In this recent post, The Two Obfuscations of Obamacare, Jason Kuznicki explains the basic arguments against the law in the context of its (lack of) constitutionality. I agree with it all. This is the best part of the post:
As a thought experiment: Suppose we levy a tax on everyone. You can get out of it by spending two days a week breaking rocks in a quarry, in leg irons. The beneficiary is a multinational mining corporation.
It’s just a tax, I’m sure you’ll have to admit — not a penalty in any sense at all. And it’s certainly within the federal government’s power to regulate the mining industry. No one doubts that, do they? So the whole thing gets a pass, constitutionally. Right?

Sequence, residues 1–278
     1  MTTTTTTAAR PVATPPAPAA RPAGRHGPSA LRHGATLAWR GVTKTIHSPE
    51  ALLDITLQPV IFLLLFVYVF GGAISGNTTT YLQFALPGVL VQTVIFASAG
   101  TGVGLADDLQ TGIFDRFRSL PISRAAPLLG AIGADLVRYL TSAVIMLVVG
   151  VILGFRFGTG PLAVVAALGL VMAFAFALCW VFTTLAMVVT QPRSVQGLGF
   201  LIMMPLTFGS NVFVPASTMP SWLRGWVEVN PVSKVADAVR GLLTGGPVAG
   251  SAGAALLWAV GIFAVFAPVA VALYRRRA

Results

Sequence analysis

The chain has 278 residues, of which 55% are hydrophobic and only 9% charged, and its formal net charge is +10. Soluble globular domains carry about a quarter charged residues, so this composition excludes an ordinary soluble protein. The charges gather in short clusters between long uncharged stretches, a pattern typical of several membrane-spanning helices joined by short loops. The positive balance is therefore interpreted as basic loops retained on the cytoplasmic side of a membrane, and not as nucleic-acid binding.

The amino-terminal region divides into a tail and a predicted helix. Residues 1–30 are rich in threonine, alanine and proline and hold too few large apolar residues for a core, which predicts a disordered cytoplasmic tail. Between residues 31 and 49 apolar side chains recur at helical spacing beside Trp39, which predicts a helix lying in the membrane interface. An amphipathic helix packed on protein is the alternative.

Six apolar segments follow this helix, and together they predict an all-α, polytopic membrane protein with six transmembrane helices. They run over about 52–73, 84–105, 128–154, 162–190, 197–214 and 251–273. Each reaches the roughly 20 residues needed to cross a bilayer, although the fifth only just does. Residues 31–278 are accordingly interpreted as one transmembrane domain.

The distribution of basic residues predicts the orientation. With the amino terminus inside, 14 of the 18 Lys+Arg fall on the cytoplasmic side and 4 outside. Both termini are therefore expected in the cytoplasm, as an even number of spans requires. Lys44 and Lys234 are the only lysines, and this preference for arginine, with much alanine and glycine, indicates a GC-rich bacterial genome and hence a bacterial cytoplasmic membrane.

On a related note, I find it amusing when the law’s supporters demand that opponents call it something other than “Obamacare.” I’ll echo a sentiment I read somewhere that questioned this demand because, if the law is so wonderful, why shouldn’t its supporters be happy to have President Obama forever linked with this supposed improvement? That doesn’t advance the debate, but it’s also a fair comment. And, as Jason points out in the comments to his post, the official name of the law is dishonest. Getting outcomes is more complex than legislating an industry as if it’s a vending machine that gives us what we want when we insert our dollar bill. “Affordable” lacks context, since it’s a subjective concept. The plan to get there is preposterous magical thinking.